The website, https://www.toysrus.com/, might still be on, but Toys R Us filed for Chapter 11 Bankruptcy on 26th September 2017 in the US. In this brief, I explore how poor strategy led to the collapse of this once giant pacesetter in the retail space. When you are big, it is easy to get pre-occupied with the routine at the expense of strategic thinking which has a deadly end.
Toys R Us was one of the leading companies in the toy market.
The company that started 69 years ago, expanded steadily to over 1,600 stores globally, with annual revenues at US $13 billion. However, the future of the company and her legacy is under question marks. And it goes a long way to show how sometimes slow reaction to market dynamics is a clear threat to business sustainability.
On line reports show that in 1999, Toys R Us was very high in demand on its first on-line presence. The company established a basic site which became a hit and received so many orders that it fell behind on shipping and failed to get Christmas gifts to customers who had made their purchases weeks in advance and that this ‘resulted in a $350,000 fine from the US Federal Trade Commission.” In response, the company made a business case for additional investment. And it came to pass. In February 2000, Toys R Us received a $60 million investment from Japanese technology conglomerate SoftBank.
The deal made Toys R Us a Silicon darling. It had the money to stock variety products. Its online business was doing so well that they could not meet demand. And Amazon came knocking. Toys R Us was so successful that Amazon signed an exclusive agreement with the company to retail their toys on-line under a 10-year exclusive partnership online with Amazon.com.
Quarz Media online reported thus: “Toys R Us agreed to stock a wide variety of its most popular toys on Amazon in exchange for being Amazon’s exclusive seller of toys and baby products. The companies also agreed that Toys R Us would give up its online autonomy, with ToysRUs.com redirecting back to Amazon. Toys R Us paid Amazon $50 million a year plus a percentage of its sales through the Amazon site. The joint toy store quickly became the top site for kids, and sales met or exceeded Amazon’s expectations in 2002. But Amazon wanted more. Jorrit Van de Meulen, an Amazon executive who works on toys, drafted a memo for children’s products in 2003. “Amazon has effectively ceded control of the toy and baby stores to [Toys R Us],” the memo noted. “This is not always a good thing.”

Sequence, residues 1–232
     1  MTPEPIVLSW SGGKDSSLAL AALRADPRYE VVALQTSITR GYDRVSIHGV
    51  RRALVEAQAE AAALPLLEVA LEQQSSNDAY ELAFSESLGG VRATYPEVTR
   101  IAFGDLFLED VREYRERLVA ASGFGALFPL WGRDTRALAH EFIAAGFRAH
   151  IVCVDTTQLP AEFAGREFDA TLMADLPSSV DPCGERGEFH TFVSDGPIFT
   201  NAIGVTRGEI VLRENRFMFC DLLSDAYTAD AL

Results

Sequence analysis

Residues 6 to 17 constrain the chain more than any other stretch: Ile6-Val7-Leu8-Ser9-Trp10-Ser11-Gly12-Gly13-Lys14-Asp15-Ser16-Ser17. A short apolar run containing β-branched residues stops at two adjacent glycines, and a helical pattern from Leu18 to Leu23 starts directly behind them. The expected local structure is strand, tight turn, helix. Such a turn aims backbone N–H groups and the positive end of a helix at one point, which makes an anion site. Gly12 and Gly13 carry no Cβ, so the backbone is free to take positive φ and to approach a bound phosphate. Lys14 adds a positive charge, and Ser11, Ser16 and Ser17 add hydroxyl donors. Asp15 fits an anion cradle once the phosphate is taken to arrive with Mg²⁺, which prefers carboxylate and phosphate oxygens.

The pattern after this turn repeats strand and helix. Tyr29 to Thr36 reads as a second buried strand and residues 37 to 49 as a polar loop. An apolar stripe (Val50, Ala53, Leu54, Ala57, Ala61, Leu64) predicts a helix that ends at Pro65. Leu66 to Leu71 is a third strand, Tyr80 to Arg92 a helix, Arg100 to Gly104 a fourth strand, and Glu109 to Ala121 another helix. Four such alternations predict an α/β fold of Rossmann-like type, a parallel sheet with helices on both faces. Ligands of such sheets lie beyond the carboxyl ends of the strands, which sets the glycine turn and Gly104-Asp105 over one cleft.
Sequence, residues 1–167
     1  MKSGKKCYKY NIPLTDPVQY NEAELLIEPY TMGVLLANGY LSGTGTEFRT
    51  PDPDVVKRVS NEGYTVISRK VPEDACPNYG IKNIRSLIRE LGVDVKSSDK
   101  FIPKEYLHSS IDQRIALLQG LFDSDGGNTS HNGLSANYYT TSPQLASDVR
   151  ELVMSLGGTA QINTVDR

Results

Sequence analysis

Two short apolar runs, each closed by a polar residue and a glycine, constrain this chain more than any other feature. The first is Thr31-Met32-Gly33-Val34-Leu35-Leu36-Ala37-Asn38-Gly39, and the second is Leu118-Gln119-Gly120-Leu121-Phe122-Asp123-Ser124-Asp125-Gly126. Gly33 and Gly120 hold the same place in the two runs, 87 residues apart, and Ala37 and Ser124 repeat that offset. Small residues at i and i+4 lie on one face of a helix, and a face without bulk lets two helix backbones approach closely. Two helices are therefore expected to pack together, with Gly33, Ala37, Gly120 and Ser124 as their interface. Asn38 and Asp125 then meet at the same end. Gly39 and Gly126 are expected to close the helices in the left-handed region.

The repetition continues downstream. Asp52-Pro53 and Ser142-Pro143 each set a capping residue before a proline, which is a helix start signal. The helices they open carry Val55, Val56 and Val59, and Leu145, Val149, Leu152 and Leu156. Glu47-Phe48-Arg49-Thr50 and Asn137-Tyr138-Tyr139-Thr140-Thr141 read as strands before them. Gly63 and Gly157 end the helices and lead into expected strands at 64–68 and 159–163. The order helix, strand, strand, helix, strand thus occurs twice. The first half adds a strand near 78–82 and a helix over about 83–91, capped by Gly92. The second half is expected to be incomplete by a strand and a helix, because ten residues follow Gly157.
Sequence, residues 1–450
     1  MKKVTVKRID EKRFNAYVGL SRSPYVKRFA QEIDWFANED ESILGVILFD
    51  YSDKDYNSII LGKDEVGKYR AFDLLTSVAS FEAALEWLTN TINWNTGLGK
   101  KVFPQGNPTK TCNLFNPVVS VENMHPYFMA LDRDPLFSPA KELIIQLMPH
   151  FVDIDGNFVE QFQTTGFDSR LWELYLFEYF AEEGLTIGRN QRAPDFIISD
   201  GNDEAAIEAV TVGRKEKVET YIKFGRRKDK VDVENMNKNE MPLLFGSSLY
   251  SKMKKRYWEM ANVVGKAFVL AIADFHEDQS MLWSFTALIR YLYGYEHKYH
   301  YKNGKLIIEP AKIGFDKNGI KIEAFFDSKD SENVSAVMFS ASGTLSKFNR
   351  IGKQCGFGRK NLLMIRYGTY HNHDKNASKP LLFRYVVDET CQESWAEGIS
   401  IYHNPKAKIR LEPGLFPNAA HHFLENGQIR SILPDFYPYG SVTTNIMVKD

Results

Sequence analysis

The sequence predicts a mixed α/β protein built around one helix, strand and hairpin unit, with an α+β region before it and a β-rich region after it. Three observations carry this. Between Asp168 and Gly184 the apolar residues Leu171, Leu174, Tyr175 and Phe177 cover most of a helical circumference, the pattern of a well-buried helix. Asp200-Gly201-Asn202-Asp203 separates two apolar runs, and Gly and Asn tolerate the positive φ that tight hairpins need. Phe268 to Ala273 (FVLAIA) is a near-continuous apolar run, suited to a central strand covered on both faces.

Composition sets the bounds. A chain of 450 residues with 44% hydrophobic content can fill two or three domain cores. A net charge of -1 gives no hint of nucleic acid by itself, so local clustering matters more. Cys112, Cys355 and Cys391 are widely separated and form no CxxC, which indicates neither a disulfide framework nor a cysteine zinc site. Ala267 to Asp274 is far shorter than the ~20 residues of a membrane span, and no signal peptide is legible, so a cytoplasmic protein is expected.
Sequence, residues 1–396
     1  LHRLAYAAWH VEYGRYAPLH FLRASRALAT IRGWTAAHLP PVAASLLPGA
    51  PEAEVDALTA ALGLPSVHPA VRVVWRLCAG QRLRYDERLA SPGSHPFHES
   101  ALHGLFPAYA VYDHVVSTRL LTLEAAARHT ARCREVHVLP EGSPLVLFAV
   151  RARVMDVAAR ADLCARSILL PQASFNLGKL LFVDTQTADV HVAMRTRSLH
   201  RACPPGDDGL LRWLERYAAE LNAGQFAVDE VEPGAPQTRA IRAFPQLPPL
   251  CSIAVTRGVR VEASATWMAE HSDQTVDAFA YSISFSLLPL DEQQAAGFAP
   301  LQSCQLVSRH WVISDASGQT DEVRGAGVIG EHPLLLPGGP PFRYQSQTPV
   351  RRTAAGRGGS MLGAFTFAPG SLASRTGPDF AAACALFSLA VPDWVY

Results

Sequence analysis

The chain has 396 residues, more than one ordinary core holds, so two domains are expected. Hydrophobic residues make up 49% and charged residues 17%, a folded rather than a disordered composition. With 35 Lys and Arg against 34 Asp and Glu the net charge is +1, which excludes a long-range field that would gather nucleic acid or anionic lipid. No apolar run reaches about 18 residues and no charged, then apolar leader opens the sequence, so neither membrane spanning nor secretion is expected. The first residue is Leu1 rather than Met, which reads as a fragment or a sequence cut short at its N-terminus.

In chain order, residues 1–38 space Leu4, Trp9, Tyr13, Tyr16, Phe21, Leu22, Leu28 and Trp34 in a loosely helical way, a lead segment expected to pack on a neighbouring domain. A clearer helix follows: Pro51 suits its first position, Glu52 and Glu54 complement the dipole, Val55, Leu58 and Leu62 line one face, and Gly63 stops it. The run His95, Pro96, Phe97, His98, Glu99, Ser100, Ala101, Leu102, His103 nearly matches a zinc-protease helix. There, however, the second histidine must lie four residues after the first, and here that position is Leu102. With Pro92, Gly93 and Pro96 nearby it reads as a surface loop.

And to its word, Amazon decided to open the space.
By spring 2003, other merchants were selling toys and baby goods on Amazon. Amazon CEO Jeff Bezos met with Toys R Us executives to demand greater variety in its merchandise. To meet the growth Amazon’s growth appetite, competitors’ toy and baby products continued to appear on Amazon, including in search-related ads.”
This brought up an uproar.
Toys R Us went to court. And won.
In 2006, three years later, Amazon agreed to pay $51 million to settle the dispute.
But the deal dealt an early blow to Toys R Us company’s digital efforts, as it relied on Amazon instead of creating its own e-commerce platform and identity. In the end, it had wasted over eight years of no digital and so needed to learn faster to catch up with the competition including Amazon that had now thrown the spanner. Over the years, online shopping had eaten away at brick-and-mortar outlets and Amazon and other brands were formidable competitor.
This is a big lesson in strategy – do not outsource a core function. You cannot outsource your online strategy.
Strategy insights for you
- You cannot get it wrong going digital
- Do not delegate or outsource your digital strategy
- You need a strategy that will make the competition irrelevant
- As you fight legal battles, keep your head above water, monitoring what is going on. As a leader or top honcho, your role is top line growth. Keep focusing on that
- Suing business partners or complaining is not a strategy
- Amazon had a clear strategy – enable any seller to sell. Toys R Us did not. It thought it would constrain Amazon via exclusive agreement. It is difficult to control a partner with MoUs that are against the business strategy or technical insights that provide source of competitive advantage. Had Amazon not opened their offering to accept other retailers on their site, they could have probably lost their market share to competition.
- Find a strategy partner who is external of management as such person provides an independent eye on your business from an external source of view. This works due to a simple fact that you cannot inhale your own exhaust.
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